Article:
The Youth Labour Market Guarantee: the Environment

This was prepared in May 2006 for a report on a Youth Labour Market Guarantee.

Keywords: Education; Growth & Innovation; Labour Studies;


This paper provides an environment in which any Youth Labour Market Guarantee package must function. It covers the Government Vision statement, the latest Department of Labour 2005 statement The Labour Market and Employment Strategy – Better Work Working, and discussion on measuring the labour market with particular attention to the youth transition.

The Government Vision Statement

In Growing An Innovative New Zealand (2002) (and subsequently in Sustainable Development for New Zealand: Program for Action (2003)) the government set out its vision for New Zealand as follows:

A New Zealand Vision
            • A land where diversity is valued and reflected in our national identity
            • A great place to live, learn, work and do business
            • A birthplace of world-changing people and ideas
            • A place where people invest in the future

We look forward to a future in which New Zealanders:
            • Celebrate those who succeed in all walks of life and encourage those who fail to try again.
            • Are full of optimism and confidence about ourselves our country, our culture, and our place in the world, and our ability to succeed.
            • Are a nation that gains strength from its foundation in the Treaty of Waitangi and in which we work in harmony to achieve our separate and collective goals.
            • Are excellent at responding to global opportunities and creating competitive advantage.
            • Are rich in well-founded and well-run companies and enterprises characterised by a common sense of purpose and achievement. They are global in outlook, competitive and growing in value.
            • Derive considerable value from our natural advantages in terms of resources, climate, human capital, infrastructure and sense of community.
            • Cherish our natural environment, are committed to protecting it for future generations and eager to share our achievements in that respect with others.
            • Know our individual success contributes to stronger families and communities and that all of us have fair access to education, housing, health care, and fulfilling employment.

In principle this vision should provided a context for all the government’s policies, although perhaps not all government agencies yet take it into account as rigorously as they should.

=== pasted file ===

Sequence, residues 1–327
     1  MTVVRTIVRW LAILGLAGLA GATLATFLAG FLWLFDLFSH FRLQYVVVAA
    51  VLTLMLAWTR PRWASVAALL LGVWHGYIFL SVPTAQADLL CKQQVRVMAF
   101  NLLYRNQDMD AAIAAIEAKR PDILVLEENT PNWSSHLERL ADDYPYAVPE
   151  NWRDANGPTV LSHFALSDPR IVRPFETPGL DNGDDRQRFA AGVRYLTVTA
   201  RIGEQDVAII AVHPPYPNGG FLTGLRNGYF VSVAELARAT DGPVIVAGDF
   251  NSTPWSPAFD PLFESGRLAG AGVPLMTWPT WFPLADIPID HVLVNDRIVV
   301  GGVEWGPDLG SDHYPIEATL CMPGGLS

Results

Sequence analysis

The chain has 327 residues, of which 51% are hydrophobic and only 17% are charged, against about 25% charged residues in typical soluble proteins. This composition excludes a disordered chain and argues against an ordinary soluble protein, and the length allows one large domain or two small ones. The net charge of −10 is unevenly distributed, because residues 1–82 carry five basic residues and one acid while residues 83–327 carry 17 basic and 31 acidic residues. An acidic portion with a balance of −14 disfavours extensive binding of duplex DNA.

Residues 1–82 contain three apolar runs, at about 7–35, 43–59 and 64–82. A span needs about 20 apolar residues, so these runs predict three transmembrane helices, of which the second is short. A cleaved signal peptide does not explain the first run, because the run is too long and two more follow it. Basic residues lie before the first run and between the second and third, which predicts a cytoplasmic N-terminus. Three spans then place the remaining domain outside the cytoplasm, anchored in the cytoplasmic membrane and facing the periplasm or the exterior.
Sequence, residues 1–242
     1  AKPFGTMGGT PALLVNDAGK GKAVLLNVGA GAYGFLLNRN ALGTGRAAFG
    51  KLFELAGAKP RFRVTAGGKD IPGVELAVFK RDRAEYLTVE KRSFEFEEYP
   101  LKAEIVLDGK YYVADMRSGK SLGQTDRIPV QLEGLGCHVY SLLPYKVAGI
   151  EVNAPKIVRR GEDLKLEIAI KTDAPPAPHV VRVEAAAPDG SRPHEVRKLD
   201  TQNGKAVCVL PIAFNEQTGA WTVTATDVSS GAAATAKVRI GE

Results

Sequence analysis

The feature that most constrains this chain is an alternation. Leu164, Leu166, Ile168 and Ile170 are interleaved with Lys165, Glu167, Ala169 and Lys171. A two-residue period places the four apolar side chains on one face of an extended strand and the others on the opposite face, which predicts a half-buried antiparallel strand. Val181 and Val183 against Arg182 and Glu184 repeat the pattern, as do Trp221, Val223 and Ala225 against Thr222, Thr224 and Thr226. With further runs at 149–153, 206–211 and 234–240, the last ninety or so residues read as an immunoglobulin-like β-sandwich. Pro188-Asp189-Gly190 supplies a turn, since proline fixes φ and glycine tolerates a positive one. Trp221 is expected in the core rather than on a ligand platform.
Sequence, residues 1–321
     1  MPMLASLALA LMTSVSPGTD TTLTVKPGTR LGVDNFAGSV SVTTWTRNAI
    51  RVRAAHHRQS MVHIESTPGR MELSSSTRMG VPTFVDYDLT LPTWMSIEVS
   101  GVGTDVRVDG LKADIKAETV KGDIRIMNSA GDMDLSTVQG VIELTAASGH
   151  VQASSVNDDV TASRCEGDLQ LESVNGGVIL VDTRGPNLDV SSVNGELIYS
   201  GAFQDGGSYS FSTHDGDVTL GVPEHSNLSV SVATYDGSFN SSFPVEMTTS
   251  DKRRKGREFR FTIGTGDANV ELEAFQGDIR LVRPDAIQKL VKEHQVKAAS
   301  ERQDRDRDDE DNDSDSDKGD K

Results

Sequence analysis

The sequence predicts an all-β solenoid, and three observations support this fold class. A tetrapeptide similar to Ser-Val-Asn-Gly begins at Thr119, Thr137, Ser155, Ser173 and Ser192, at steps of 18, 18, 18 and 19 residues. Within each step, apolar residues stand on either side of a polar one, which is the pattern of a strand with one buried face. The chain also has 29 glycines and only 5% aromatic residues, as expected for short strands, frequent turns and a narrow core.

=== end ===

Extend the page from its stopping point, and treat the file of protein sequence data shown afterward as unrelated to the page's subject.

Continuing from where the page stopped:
In order to be adopted, any Youth Labour Market Guarantee Strategy must take the Government Vision Statement into account. Fortunately the perspective of the Statement is sufficiently visionary to easily accommodate a policy concerned with the transition of youths from schooling to full adulthood. Indeed, without such a policy the vision will be incompletely fulfilled.

The Growth and Innovation Framework (GIF)

Growing an Innovative New Zealand (2002) also expounded a Growth and Innovative Framework summarised by the eight points listed below. They are presented here in a slightly different order, to separate out those components of the framework which are primarily about how the economy and economic growth is to be managed, with those parts which are more about the economic outcomes are to impact on people.

How the Economy Is To Be Managed
            • A stable macroeconomic framework.
            • An open and competitive microeconomy.
            • A highly skilled population.
            • Sound environmental management.
            • A globally connected economy.
            • A solid research, development and innovation framework.

How the Economy is To Impact on Society
            • A modern cohesive society.
            • A healthy population.
            • A highly skilled population.

One element ‘a highly skilled population’ has been included in both groupings because it is a key element of the growth, and also because it has considerable impact on the lives of people. It is also central to any Youth Labour Market Guarantee.